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Publisher's Summary

Acclaimed historians Theda Perdue and Michael D. Green paint a moving portrait of the infamous Trail of Tears. Despite protests from statesmen like Davy Crockett, Daniel Webster, and Henry Clay, a dubious 1838 treaty drove 17,000 mostly Christian Cherokee from their lush Appalachian homeland to barren plains beyond the Mississippi. For 4,000, this brutal forced march lead only to their deaths.
©1993 Theda Purdue; 1993 Michael Green (P)2007 Recorded Books
  • Unabridged Audiobook
  • Categories: History

What listeners say about The Cherokee Nation and the Trail of Tears

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  • Overall
    5 out of 5 stars

Great audio book

Next to Robert V. Remini's, "Andrew Jackson And His Indian Wars," this book has got to be a classic.

Essentially great American leaders, from Thomas Jefferson to Andrew Jackson, pursued policies of land acquisition from Native Americans; whether by forcing tribes to relinquish land by threats, intimidation and bribery or by forcible removal, European immigrants overspread the continent, dispossessing the natives as we went, until we became a great and a mighty nation.

The book is not always easy listening due to the heart-rending historic narrative. This side of American history, though not new in terms of the history of great empires, is a must for anyone interested in this nation's expansionist history; its pursuit of foreign affairs today which continues to seek what is perceived to be in America's material, security and prosperity interests.

I highly recommend this book. I hope audible acquires other books in the genre.

19 people found this helpful

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Very one sided

I saw that this book was a historical book. Yet, it is too simple. It’s a bit sad there is such a large degree of hatred for white people that it makes it hard to listen through. More often than not it’s a lot of an opinions put next to facts rather than just putting the facts out there and giving the people the choice to make up their own minds.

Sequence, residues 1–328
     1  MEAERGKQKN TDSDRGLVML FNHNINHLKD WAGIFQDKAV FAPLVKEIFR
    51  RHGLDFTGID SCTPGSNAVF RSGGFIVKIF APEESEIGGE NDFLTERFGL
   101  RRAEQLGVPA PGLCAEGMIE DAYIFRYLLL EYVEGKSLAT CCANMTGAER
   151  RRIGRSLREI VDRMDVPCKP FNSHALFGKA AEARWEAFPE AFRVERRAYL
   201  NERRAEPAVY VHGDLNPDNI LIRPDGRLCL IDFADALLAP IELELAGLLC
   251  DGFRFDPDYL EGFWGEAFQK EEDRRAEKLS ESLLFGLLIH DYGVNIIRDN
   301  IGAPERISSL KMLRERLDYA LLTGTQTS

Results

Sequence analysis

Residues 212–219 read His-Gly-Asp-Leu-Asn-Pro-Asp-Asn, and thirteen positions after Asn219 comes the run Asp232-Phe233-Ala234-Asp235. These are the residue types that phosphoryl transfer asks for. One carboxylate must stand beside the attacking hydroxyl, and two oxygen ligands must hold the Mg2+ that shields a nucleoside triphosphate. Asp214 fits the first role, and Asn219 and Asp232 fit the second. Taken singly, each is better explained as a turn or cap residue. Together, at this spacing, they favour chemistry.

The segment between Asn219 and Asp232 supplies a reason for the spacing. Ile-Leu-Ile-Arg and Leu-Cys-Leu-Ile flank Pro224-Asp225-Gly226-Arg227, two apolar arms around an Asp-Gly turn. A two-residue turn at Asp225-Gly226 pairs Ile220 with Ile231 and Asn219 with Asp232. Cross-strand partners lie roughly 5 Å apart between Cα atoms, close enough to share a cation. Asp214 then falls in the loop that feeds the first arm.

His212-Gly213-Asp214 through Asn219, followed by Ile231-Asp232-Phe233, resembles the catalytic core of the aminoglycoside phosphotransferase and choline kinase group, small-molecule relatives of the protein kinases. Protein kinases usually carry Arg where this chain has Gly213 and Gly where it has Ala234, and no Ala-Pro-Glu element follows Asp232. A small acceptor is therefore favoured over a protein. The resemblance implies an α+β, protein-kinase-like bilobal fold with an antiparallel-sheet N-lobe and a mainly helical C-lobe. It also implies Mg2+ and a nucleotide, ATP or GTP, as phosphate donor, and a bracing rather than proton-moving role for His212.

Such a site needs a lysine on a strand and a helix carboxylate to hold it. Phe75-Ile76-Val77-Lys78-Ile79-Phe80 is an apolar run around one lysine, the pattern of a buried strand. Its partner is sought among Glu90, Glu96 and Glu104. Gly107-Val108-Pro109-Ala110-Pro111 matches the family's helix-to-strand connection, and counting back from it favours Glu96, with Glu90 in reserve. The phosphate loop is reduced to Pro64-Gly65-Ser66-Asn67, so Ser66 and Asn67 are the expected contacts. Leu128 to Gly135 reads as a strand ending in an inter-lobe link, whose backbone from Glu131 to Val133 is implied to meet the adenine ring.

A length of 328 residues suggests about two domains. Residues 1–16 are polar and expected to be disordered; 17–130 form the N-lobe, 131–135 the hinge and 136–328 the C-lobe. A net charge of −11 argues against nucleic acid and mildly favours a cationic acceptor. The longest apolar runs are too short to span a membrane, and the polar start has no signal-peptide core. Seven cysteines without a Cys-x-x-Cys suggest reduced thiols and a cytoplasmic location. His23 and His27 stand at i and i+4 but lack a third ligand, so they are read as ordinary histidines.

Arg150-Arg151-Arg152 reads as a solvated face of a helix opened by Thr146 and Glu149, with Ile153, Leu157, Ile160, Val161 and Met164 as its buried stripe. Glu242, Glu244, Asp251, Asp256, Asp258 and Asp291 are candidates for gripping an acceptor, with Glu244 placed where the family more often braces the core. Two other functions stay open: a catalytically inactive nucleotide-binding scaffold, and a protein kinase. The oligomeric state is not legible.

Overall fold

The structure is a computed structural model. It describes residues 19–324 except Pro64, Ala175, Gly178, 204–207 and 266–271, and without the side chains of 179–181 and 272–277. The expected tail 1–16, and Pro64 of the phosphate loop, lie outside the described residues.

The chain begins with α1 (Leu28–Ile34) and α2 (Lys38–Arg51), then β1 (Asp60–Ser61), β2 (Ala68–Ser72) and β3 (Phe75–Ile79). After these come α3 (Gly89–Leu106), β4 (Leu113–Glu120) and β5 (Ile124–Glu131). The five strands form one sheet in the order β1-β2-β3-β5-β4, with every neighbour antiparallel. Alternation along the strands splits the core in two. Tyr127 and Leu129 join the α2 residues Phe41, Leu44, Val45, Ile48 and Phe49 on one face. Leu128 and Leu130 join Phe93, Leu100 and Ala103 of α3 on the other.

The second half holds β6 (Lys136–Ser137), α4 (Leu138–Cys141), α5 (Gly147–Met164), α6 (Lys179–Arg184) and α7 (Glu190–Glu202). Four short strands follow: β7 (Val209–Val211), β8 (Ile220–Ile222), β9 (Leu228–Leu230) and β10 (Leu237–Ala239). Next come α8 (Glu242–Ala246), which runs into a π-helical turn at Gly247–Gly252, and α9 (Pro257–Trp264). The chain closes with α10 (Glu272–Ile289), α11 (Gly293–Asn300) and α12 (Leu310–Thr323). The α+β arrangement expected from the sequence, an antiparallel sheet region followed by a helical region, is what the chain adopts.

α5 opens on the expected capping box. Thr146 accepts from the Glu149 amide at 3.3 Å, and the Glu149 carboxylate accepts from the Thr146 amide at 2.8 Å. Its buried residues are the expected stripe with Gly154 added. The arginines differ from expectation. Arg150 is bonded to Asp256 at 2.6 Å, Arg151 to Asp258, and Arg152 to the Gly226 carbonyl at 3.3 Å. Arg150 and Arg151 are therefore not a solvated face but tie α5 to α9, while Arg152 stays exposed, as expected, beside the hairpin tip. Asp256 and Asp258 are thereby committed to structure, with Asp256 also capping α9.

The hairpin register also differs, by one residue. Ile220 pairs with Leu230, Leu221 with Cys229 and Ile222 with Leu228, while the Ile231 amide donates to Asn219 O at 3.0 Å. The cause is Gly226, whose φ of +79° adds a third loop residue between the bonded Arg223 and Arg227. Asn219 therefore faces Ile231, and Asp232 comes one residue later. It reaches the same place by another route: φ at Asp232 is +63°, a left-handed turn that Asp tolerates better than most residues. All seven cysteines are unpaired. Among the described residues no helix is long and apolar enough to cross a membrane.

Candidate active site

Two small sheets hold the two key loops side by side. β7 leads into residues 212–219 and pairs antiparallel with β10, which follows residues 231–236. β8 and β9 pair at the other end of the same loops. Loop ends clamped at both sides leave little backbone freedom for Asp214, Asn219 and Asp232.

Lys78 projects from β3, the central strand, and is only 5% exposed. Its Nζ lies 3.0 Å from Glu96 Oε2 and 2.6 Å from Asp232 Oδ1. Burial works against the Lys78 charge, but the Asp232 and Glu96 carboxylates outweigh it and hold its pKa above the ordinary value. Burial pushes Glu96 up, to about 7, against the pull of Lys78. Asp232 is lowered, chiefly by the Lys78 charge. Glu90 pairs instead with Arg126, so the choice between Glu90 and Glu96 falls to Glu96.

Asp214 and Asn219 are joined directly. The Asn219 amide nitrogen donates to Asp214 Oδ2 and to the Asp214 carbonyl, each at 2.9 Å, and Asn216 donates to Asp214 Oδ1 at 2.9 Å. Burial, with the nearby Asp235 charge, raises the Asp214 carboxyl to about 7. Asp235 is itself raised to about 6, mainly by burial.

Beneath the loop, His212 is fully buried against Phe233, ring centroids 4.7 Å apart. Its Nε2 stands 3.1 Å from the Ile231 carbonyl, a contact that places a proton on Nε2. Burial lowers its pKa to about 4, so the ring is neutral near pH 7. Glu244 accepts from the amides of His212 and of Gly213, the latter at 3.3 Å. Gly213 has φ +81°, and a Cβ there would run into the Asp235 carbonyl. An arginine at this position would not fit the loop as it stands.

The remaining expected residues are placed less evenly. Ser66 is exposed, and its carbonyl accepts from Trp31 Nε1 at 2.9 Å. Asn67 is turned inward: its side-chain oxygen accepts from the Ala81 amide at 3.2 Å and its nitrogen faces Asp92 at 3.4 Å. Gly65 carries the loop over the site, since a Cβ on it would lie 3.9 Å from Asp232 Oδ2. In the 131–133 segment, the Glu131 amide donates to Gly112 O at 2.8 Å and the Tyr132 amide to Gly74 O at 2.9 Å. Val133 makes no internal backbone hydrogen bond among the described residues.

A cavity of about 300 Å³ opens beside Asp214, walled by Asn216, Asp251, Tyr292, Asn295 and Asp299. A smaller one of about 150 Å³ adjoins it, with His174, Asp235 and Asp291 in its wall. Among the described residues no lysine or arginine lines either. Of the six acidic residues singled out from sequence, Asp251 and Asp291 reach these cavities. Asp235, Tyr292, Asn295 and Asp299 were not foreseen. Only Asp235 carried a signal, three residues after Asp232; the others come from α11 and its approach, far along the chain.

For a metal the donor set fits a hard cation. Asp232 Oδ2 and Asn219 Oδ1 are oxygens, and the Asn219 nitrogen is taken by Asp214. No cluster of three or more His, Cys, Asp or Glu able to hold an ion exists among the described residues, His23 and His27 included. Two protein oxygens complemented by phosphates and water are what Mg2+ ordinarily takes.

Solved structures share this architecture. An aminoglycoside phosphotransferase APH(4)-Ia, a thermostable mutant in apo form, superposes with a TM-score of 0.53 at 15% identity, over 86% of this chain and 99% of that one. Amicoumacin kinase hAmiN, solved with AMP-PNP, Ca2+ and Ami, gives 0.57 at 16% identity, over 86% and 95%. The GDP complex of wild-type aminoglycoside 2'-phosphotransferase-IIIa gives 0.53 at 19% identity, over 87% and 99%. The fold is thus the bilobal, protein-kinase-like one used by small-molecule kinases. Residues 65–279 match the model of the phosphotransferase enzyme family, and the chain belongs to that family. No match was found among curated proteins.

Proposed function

A better book on Native American history I’d recommend is Iroquois Diplomacy. It shows how there were good people on both sides, bad people and how key people who passed away could have changed history for the better for Native Americans. In addition, it is more researched on Native American culture and how complicated the politics between settlers were.

3 people found this helpful

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read other reviews before deciding on mine

I did not care for the views of the authors views on this subject and how it was written. I felt its a poor story and way to much useless detail. my family was in this and our stories tell a different story and not from the lie of the US government.. you decide. please listen to it before writing a review.

4 people found this helpful

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great audio book

loved it! it was a great listen. I learned a lot about my people and their struggles

2 people found this helpful

  • Overall
    5 out of 5 stars

A thorough account of heart-break and exploitation

This is a really good listen that, if you're a decent human being, will elicit sympathy for the American Indians in relation to the abuse and exploitation they suffered at the hands of the U.S. gov't. It is a fact-based history that demonstrates how greed and the desire for power drives some people to have total disregard for fellow human beings. Listening to this story will enhance your understanding of how American Indians were driven to near extinction.

3 people found this helpful

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Educational and engaging

Assigned reading for a college course, but I completely enjoyed this book. The narrator is a bit slow for my taste, but the story is so compelling I listened in only two sessions. The history is quite tragic, and this book prompted me to ask more questions of the history, which will lead to more research.

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These are my people.

This book was a great refresher for me of the history of the Cherokee Nation.